For a flow system, the so-called residence time distribution (RTD) isactually the concentration impulse response of a non-reacting component.

Frequency response (sinusoidal input). This is the resulting response in y to apersistent sinusoidal variation in the independent variable u,

u(t) = u0 + u sin(t)

For small changes, we can assume that the system is linear, and the output signalis also sinusoidal with the same frequency :

y(t) = y0 + y sin(t + )

The frequency response is characterized by two parameters: The gain y/u,and the phase shift, . Both depend on the frequency [rad/s], and by varyingthe frequency , we get information on how the system reacts to quick ( large)and slow ( small) input variations. Frequency analysis is an important tool incontrol engineering.

PRBS response. This is the response in y when the independent variable u changesat random times between two given values (PRBS = pseudo-random binarysequence). This may give a good dynamic distribution and is sometimes an

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effective method for obtaining experimental data that can be used for estimating(=identify in control engineering) parameters in an empirical dynamic modelfor the relationship between u and y.

The step response is very popular in process engineering because it is simple toperform, understand and analyze. In the following, we study the step response inmore detail.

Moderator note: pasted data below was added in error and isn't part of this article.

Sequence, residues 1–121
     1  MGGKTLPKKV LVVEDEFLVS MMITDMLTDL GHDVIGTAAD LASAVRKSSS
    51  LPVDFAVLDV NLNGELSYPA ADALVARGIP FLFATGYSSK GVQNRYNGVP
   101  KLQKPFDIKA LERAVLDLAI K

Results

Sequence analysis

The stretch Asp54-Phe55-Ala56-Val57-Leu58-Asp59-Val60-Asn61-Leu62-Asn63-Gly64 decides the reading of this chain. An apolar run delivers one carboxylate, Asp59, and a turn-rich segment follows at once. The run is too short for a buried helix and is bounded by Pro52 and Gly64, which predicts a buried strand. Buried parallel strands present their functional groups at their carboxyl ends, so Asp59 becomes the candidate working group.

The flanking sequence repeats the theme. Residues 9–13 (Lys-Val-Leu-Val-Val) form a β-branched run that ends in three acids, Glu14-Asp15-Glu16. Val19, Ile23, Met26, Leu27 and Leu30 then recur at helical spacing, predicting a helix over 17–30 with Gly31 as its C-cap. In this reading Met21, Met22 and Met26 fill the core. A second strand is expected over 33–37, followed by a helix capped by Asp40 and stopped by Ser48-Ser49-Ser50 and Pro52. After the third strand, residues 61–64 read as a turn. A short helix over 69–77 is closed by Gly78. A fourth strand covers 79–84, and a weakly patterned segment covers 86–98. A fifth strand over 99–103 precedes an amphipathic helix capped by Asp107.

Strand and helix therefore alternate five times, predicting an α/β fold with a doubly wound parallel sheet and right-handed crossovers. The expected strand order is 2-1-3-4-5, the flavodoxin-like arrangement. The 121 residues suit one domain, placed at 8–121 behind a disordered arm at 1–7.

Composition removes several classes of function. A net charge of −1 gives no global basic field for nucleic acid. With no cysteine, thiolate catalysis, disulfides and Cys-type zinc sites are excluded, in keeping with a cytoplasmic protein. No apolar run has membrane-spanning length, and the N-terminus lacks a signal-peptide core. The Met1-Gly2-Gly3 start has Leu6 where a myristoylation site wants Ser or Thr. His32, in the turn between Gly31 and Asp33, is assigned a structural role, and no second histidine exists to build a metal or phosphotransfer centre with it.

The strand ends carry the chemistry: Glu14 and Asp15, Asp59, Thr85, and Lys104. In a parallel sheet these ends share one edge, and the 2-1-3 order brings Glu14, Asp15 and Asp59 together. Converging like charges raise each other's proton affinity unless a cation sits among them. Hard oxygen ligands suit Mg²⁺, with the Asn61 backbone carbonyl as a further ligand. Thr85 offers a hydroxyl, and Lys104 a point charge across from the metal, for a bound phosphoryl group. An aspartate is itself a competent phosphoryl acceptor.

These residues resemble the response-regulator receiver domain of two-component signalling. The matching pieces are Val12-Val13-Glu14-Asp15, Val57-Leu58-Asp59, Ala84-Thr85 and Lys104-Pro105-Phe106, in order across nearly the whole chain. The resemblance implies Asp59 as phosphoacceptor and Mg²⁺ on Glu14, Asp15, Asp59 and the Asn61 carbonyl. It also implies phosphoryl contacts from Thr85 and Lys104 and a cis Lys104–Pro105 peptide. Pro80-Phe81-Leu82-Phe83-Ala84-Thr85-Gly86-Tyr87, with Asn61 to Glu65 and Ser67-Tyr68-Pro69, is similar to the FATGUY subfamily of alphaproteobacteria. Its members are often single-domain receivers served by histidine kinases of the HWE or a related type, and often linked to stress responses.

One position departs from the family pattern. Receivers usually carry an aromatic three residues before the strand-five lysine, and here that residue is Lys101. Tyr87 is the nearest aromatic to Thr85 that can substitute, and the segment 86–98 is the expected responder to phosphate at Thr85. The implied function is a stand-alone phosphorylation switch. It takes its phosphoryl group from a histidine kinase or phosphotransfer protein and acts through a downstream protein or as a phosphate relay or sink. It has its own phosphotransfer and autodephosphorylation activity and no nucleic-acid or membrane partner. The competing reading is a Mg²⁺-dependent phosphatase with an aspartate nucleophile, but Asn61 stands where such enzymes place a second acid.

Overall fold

11.3.1 Step response and time constant

Figure 11.6: Experimental step response

We consider a system that is initially at rest, that is, at steady state withdy/dt = 0. A step-change then occurs in the independent variable u, which takesthe system away from its initial steady state. We assume that the system is stablesuch that it eventually approaches a new steady state. The resulting step responsein y(t) is often characterized by the following three parameters (see Figure 11.6):

(Steady state) Gain k = y()u .

(Effective) Delay the time it takes before y takes off in the right direction.Thus, y() 0.

Time constant additional time it takes to reach 63% of the total change in y(that is, y( + ) = 0.63y()).

Here

u = u() u(t0) magnitude of step change in u t0 time when step change in u occurs (often t0 = 0 is chosen)

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y(t) = y(t) y(t0) the resulting change in y y(t0) = y0 initial (given) steady state y() final (new) steady state

The value of y() = y() y(t0), and thereby of the steady state gain k, can bedetermined from a steady state model, if one is available.

The cause of the delay (time delay) may be a transport delay (for example a pipe)or a delay in a measurement, but in most cases it represents the contribution frommany separate dynamic terms that, altogether, give a response that resembles a delay(hence the term effective delay).

The time constant characterizes the systems dominant inertia against changes.It is defined as the additional time (after the time delay) it takes the variable to reach63% (more precisely, a fraction 1 e1 = 1 0.3679 0.63, see below) of its totalchange. Why do we not let the time constant be the time it takes to reach all (100%)of its change? Because it generally take an infinitely long time for the system to reachexactly its final state, so this would not give a meaningful value.